The bioreactors contain 20 million plastic biocarriers with a total volume of 55 cu meters. The biocarriers were developed by Biowater and are unique in shape. With a specific sheltered surface of 650 sq meters per cubic meter, they are densely populated by bacteria that consume organic material.

“The biocarriers are continuously suspended in the basin by a set of air diffusers, giving a vigorous and oxygen-rich environment, all supplied by a solid compressor,” said Ottar Vinsrygg, technical manager for Nordfjord.

The addition of oxygen ensures a 100% aerobic environment to bring the organic load to complete decomposition. Oxygen sensors in the bioreactors monitor the condition and adjust the amount of air being fed into the bioreactors accordingly. Surplus oxygen is crucial for bioreaction.

Adding Wood Fiber

As the effluent leaves the bioreactors, all of the dissolved organic matter has been consumed and transformed into CO2 and biological sludge. This biologically treated effluent enters a small mixing chamber where a tiny dose of metal salt is added for the flocculation process, resulting in larger particles. After traveling in a 200-meter flocculator tube, the effluent comes to the final separation, where particles are filtered out in Salsnes filter No. 2, which has a mesh size of 110 μ. The solids caught in this filter join the bottom sludge from the cooling basin, which also ends up there for subsequent dewatering before it is collected in a container where it holds a dry matter content of 15% to 20%. To enhance the separation, sawdust is added regularly in the outlet of the Salsnes filter, bringing more body to the sludge and ensuring a high dry-matter content of the final solids. From the effluent pipe, a continuous sample stream is taken for COD analysis. The sampled water is kept fresh in a refrigerator.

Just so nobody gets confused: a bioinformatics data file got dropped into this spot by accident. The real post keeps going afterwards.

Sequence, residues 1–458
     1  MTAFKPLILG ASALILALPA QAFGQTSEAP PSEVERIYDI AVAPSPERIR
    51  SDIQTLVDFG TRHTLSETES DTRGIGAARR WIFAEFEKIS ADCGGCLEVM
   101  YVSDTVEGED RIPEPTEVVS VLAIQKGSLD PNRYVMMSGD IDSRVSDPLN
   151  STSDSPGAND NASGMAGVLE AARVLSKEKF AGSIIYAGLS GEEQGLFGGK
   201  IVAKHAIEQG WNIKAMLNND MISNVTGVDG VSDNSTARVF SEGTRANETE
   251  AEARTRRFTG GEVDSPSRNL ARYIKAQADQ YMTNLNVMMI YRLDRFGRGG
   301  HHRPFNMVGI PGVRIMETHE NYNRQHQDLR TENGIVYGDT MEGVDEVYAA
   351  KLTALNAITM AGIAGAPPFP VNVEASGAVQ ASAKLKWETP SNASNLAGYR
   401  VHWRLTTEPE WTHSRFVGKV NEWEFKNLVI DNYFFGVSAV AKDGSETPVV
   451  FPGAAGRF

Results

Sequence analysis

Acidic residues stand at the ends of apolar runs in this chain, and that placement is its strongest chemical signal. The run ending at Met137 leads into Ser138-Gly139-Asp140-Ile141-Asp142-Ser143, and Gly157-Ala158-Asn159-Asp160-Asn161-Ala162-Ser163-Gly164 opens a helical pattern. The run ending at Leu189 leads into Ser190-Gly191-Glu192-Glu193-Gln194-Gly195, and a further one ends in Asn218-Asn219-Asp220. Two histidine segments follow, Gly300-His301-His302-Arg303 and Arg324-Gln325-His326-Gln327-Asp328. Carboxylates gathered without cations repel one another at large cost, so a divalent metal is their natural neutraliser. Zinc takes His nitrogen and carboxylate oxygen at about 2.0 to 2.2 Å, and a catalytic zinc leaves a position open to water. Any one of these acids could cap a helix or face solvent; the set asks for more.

No Particles

The result of this process is an effluent with low biochemical oxygen demand completely void of particles, as required by the municipalities.

“A simple test of performance is to pour a sample of the effluent through a coffee filter,” Vinsrygg said. “There are no particles to be seen.”

The effluent then goes to municipal treatment.